Our transition to Wuxi was made easier by joining the Wuxi International Club. It's a social group comprised of expats and locals alike. They distribute taxi cards, maps and host functions and get togethers to assist in making connections with others in similar situations. I've benefited the most from joining this group, as I've made a handful of friends to explore Wuxi and it's surround with. It's nice to have those who have lived here longer than us, give us advice and pointers about where to eat, what sights to see & what grocery center carries x, y, and z.

Love, love, love our vegetable market. It's like a farmer's market every single day. We have our favorite vendors now, and I feel like we're finally fitting in a little bit better when we go in to buy our week's produce. Sal has been practicing his Chinese " Ni Hao"as we walk through, with me waving his hand and saying it for him. The fruit stand lady always gives us an extra banana, and a piece of seen-better-days fruit to take home for Sal. He's a charmer, that boy of ours! I usually go on Wednesdays with the girls, and then again on Saturday or Sunday with NZ. Shopping there is forcing me to learn my numbers so I know if I'm getting screwed or not when my change is returned!
Vegetables at the market

Think of a huge indoor swap meet that never ever leaves. They just squeeze in more bays when new vendors show up. That's stuff mart in a nut shell. It's actually called Hon Mei market, but us gringos call it stuff mart--because, well---it's full of STUFF. I went there this week with Mrs. Michigan and Sal and I found art supplies, poker chips ( finally!) and even what I assume to be discarded quiksilver patches from the clothing line. I see an infant baseball cap and discarded logo being united in matrimony soon. I'll make my very own one of a kind hat for the boy. NZ still hasn't gotten to experience Stuff Mart, and he may not be as enthralled with it as his wife--but it's a lookie loo's paradise.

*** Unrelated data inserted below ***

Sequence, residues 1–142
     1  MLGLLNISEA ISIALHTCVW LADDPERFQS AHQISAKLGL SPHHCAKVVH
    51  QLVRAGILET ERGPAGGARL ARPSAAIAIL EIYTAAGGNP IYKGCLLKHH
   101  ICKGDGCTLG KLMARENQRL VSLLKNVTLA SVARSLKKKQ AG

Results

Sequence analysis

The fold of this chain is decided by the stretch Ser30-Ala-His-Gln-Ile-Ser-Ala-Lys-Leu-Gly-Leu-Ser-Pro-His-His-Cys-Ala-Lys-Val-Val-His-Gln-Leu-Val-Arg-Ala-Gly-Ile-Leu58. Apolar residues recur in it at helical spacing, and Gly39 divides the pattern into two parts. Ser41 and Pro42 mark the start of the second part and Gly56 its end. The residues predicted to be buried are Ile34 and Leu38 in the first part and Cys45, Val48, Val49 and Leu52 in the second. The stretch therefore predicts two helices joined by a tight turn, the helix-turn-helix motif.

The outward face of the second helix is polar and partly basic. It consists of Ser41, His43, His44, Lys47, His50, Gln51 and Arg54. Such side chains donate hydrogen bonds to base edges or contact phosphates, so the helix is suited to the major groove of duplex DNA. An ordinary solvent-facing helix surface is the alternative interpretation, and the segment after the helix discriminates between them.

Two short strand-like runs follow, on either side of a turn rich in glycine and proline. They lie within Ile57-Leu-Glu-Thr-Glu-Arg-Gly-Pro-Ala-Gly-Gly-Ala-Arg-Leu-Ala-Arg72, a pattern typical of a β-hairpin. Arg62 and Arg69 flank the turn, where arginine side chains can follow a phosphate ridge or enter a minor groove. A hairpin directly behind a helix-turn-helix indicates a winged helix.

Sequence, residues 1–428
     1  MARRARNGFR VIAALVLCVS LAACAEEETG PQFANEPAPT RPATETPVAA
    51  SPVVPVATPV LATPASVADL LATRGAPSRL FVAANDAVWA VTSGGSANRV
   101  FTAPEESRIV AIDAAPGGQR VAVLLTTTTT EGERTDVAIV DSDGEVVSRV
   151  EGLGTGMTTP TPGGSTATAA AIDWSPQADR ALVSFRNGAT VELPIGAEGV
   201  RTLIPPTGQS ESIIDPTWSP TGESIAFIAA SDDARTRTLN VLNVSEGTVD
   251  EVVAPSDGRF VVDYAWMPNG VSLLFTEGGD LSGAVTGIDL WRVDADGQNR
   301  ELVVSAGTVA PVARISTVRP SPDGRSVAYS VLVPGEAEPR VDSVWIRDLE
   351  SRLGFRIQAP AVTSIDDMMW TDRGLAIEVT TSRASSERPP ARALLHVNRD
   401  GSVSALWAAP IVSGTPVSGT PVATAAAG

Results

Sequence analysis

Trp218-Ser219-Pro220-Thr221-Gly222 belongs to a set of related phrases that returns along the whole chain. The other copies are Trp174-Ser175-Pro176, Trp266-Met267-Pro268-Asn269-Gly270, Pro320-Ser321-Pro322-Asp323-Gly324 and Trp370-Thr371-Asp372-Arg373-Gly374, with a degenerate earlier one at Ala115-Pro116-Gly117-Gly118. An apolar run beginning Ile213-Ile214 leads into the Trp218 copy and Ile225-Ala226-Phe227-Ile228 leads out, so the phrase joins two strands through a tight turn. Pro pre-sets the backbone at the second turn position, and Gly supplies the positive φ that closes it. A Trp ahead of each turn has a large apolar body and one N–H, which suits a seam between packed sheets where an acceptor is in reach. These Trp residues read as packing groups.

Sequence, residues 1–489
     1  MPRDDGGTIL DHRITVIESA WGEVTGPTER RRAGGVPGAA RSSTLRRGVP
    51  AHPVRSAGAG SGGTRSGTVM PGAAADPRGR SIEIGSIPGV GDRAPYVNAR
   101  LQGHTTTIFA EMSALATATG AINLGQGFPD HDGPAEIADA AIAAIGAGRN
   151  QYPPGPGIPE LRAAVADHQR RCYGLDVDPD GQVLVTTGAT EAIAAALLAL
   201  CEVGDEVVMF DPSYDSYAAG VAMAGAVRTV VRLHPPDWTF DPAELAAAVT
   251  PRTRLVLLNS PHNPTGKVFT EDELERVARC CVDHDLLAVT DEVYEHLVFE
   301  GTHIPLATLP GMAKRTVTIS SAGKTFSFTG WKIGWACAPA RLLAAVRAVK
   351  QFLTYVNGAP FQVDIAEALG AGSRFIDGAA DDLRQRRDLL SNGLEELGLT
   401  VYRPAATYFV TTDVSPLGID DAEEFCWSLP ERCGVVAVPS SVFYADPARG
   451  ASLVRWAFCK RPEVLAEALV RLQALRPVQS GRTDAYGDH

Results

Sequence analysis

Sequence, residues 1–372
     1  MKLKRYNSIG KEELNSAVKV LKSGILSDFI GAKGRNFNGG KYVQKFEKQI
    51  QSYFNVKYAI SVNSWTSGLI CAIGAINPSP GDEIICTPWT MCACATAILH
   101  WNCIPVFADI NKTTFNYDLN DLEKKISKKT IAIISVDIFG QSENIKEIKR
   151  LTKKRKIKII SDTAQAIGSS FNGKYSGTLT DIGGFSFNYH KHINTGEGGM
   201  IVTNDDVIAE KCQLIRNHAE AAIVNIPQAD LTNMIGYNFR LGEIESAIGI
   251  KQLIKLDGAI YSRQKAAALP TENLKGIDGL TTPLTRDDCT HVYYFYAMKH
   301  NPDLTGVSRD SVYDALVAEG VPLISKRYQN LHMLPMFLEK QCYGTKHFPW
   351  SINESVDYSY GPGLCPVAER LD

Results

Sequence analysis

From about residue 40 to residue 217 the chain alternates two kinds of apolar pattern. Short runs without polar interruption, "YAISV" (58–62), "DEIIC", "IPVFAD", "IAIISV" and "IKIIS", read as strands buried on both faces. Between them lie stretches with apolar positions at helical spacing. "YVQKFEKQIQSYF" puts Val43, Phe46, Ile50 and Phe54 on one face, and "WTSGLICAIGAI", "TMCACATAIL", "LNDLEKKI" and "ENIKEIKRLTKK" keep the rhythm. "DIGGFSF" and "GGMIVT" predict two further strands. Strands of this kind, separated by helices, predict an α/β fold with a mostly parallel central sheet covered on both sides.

Tsingtao has replaced Budweiser in our refrigerator. Budweiser IS available here, but gets passed up in favor of Tsingtao..That's really sayin' somethin, if you know my ol man.

The high speed trains here are no joke. If you can get past the shock of how busy the train stations are ( & how hot they are-no A/C???? Really?), it's a real treat to take the high speed train. The trains are super clean, have tons of leg room, and are incredibly quiet. They cut travel time down to a third of what it would take via car. They're wonderful. To put it in perspective--NZ can make it to Shanghai, Hongquaio station from Wuxi in 45 minutes. It would take about 2 hours by car.

Where's Waldo?

We've got scooters on the brain around here. It wouldn't be too surprising if we find ourselves on the scooter lot soon.
They see us rollin, They hatin'.

Living in a foreign country together, and experiencing it first hand is just one of those things that I don't think either of us ever saw ourselves doing when we met. One of my favorite things about being here are the simple texts back and forth of "Only in China" moments. Some of the things we see, or experiences we have had--we will still be laughing about in years to come. I think that the " Only in China" moments that we laugh about will help keep us grounded and appreciate what we have.